This article originally appeared on synchtank.com.
Erased Tapes Music, the publishing arm of Erased Tapes Records, recently celebrated its 10th Anniversary.
We caught up with Emily Appleton Holley, Head of Publishing and Composition, and Julie Blake, General Manager, to discuss the evolution of the company and today’s music publishing landscape.
What are your biggest challenges as an indie publisher in today’s landscape?
EAH: A challenge we’re seeing more frequently is an increasing demand from broadcasters and production companies to retain 100% of the publishing and other music rights on scoring projects. As a publisher, our job is to protect these rights on behalf of our writers as those royalties form a crucial income stream allowing artists to support themselves. This is especially important if the upfront scoring budget is limited. We feel that independent music companies will need to stand together to provide alternatives to this approach.
Where are you seeing new opportunities for your writers and composers in the digital age?
EAH: With the emergence of SVOD platforms (Netflix, Apple, Amazon etc…) we’re noticing a huge increase in the number of productions being made which is creating more scoring and licensing opportunities for our writers and composers. We’re noticing that production companies are also starting to take bigger risks in the content they are making which is creating interesting and exciting opportunities for more creative and unusual scores and sync placements.
“Production companies are also starting to take bigger risks in the content they are making which is creating interesting and exciting opportunities for more creative and unusual scores and sync placements.”
– Emily Appleton Holley, Erased Tapes Music
Emily, your background is in music supervision – how have you found it being on the other side and working for a publisher?
EAH: Without wanting to sound too cliché, I’ve been a fan of Erased Tapes for a number of years. I’ve always gravitated towards artists with a unique sound or voice and this is something that drew me to many of the Erased Tapes artists initially. Each individual artist has an ability to take you on a journey with their music and there’s been a consistently high level of craftsmanship heard across every release.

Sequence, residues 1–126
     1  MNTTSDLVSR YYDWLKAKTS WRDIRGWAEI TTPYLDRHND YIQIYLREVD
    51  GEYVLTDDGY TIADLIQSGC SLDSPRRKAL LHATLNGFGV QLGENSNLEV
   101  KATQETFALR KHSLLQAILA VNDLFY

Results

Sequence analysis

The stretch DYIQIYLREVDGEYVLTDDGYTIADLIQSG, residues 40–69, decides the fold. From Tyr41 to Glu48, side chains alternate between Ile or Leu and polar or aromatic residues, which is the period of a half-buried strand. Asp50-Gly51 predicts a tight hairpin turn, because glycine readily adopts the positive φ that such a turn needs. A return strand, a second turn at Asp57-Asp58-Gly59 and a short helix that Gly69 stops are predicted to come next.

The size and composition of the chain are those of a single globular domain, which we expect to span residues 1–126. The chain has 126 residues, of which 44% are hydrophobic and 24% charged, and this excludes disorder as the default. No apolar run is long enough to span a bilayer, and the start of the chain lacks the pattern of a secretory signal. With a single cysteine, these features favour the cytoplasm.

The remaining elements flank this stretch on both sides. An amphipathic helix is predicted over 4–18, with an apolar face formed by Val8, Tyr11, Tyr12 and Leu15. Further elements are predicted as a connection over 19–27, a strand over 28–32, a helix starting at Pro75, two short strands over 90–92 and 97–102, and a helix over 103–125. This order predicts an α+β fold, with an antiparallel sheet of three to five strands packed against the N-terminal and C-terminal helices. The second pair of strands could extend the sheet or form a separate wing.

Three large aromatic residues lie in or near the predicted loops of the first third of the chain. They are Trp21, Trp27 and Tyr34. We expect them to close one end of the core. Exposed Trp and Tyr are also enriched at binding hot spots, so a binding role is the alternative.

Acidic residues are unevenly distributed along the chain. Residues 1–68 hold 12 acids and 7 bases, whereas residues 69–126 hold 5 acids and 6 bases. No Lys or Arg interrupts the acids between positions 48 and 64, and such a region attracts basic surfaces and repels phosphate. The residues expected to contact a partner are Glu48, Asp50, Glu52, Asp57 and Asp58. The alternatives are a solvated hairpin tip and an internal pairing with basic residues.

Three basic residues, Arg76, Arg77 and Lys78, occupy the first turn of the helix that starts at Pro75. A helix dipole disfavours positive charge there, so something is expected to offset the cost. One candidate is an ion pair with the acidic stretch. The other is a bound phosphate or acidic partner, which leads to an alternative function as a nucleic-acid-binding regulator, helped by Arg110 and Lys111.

It’s been a real joy delving into the catalogue and getting to know the composers that are part of the publishing family. I was pretty familiar with the contemporary classical artists (Nils Frahm, Ólafur Arnalds, Anne Müller, Michael Price) and electronic producers (Rival Consoles, Kiasmos, Ben Lukas Boysen) but quickly realised that Erased Tapes is also home to a number of incredible vocal artists, avant-garde instrumentalists, experimental rock and jazz groups.
Most recently, the label signed the Parisian electronic R&B producer Crayon, an unexpected direction for the label perhaps, but that’s what I find really exciting about the Erased Tapes collective.
Are you noticing any trends associated with sync and scoring opportunities?
EAH: Over the past few years there’s been an increase in commercial artists crossing over into the scoring world, Oneohtrix Point Never (aka Daniel Lopatin) scoring Uncut Gems being just one example.
This has created a ripple effect in the scoring world and coincided with an increasing number of scores veering away from the ‘conventional’ orchestral score. Nathan Micay’s recent score to ‘Industry’, Cristobal Tapia De Veer’s score for ‘The White Lotus’ and Kyle Dixon & Michael Stein’s score for ‘Stranger Things’ are some wonderful examples. We have seen an increase in the number of scoring briefs looking for unconventional sound palettes and unusual instrumentation which I find incredibly exciting.
Can you talk about the resurgence of printed scores and your interest there?